Comments

  1. DrRosemaryEileenMcHugh says:

    Thankyou for this informative article. My brother was ordained a priest for the archdiocese of Chicago and left about 2 years later when he fell in love with one of the single teachers in the first parish that he was assigned to. I am so happy that he had the courage to leave. He and his wife have 5 lovely children and 4 grandchildren so far. Tom is the director of religious education in his parish, but sadly the church will not let those good men who left the priesthood to marry to return to active priestly ministry. My brother accepts the situation as he still loves the church. I am a physician and I have met many who have been sexually abused by priests. I too was sexually assaulted by a Carmelite priest when I was a young doctor in Dublin, Ireland. I have been given wonderful help by the Survivors Network of those Abused by Priests (SNAP). The President of SNAP, Barbara Blaine, helped me to write a police report on my case. The leaders of SNAP have been sexually abused by priests as children and want to help the church to care about protecting children from sexual abuse by priests. It is shameful how the church is still trying to deny the truth whenever they can get away with their lies. I am very supportive of SNAP.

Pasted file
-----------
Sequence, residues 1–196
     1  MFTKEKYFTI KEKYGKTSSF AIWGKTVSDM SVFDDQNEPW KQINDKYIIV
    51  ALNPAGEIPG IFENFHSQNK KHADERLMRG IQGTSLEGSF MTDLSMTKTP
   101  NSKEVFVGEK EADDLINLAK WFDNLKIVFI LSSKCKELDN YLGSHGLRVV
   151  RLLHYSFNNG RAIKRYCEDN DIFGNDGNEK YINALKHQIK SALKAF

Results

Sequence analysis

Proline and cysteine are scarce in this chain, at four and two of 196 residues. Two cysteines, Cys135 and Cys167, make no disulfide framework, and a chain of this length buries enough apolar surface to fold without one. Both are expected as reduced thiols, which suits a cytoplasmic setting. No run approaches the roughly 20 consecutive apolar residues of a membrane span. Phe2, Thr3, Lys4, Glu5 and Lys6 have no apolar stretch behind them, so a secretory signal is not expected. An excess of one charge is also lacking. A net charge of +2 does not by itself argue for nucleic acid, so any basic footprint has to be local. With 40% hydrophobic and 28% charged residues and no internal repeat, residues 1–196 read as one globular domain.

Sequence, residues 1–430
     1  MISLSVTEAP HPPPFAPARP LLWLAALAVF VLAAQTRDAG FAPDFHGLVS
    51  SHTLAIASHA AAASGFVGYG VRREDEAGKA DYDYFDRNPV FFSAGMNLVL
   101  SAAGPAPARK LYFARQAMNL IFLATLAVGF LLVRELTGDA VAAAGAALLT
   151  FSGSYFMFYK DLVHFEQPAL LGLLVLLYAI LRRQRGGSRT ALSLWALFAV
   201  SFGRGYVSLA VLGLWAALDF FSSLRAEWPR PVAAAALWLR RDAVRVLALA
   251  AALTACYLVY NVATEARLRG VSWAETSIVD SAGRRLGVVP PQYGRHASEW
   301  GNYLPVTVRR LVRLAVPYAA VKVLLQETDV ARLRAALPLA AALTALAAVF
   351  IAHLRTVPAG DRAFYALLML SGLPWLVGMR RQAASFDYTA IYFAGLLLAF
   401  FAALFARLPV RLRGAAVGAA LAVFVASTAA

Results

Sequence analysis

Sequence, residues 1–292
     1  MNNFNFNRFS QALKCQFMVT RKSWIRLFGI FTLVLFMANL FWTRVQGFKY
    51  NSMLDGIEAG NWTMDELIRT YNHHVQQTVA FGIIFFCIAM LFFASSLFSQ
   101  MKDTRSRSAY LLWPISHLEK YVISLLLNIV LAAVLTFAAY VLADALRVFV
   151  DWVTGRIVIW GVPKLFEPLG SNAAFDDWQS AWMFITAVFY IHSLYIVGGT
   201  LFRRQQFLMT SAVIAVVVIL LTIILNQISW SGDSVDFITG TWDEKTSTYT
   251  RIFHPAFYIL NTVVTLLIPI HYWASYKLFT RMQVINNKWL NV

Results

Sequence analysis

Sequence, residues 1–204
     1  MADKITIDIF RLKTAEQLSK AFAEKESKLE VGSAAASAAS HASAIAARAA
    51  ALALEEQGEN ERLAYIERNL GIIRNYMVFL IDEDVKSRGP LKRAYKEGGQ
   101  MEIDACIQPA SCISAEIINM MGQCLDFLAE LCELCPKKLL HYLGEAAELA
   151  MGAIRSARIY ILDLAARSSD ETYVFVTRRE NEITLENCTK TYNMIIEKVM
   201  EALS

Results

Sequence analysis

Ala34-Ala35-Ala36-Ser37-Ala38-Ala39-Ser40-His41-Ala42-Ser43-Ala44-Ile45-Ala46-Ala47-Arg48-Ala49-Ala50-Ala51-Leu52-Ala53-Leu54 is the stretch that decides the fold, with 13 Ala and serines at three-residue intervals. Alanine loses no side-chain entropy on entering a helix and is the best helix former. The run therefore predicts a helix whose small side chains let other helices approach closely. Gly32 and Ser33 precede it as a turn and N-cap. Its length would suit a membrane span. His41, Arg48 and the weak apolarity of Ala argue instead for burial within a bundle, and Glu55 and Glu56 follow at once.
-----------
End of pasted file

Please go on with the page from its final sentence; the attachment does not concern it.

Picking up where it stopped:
Sincerely, Dr Rosemary Eileen McHugh, Chicago

  2. Most of Old Catholic priests are not as well educated as the “real” Catholic priests and seminarians. If ever it happens, Old Catholic priests wanting to join the “real” Catholic Church should be: a) screened thoroughly, and b) reeducated in Catholic theological schools, seminaries, and universities. Some Old Catholic priests have weird theological ideas.

  3. Mr. MacMurray, I’m an L.A. victim of sex abuse in the Catholic Church. I handcuffed my self to Cardinal Mahoney’s throne here and did 300 hours of community service for my “crime”.
    I would like you to know about further crimes committed on victims by the fraudulent counter intelligence group SNAP. the Survivors Network for those Abused by Priests. SNAP was founded by the Church to “control victims and our families” and that it most certainly has done.
    Activist victims from across the country and the world have had real questions about SNAP’s policies and management from the get go; yet it took us years to figure out that SNAP really is damage control. We have documentation and our own horrific experiences with SNAP. We need just one good investigative reporter. Are you that person? Feel free to contact me. Thanks.

    • jmacmurray says:

      Hi, Jim,
      Thanks for the thoughtful reply. I am looking into this to see if I may be able to help; back to you as soon as I can.

Speak Your Mind

*

Visit us on Google+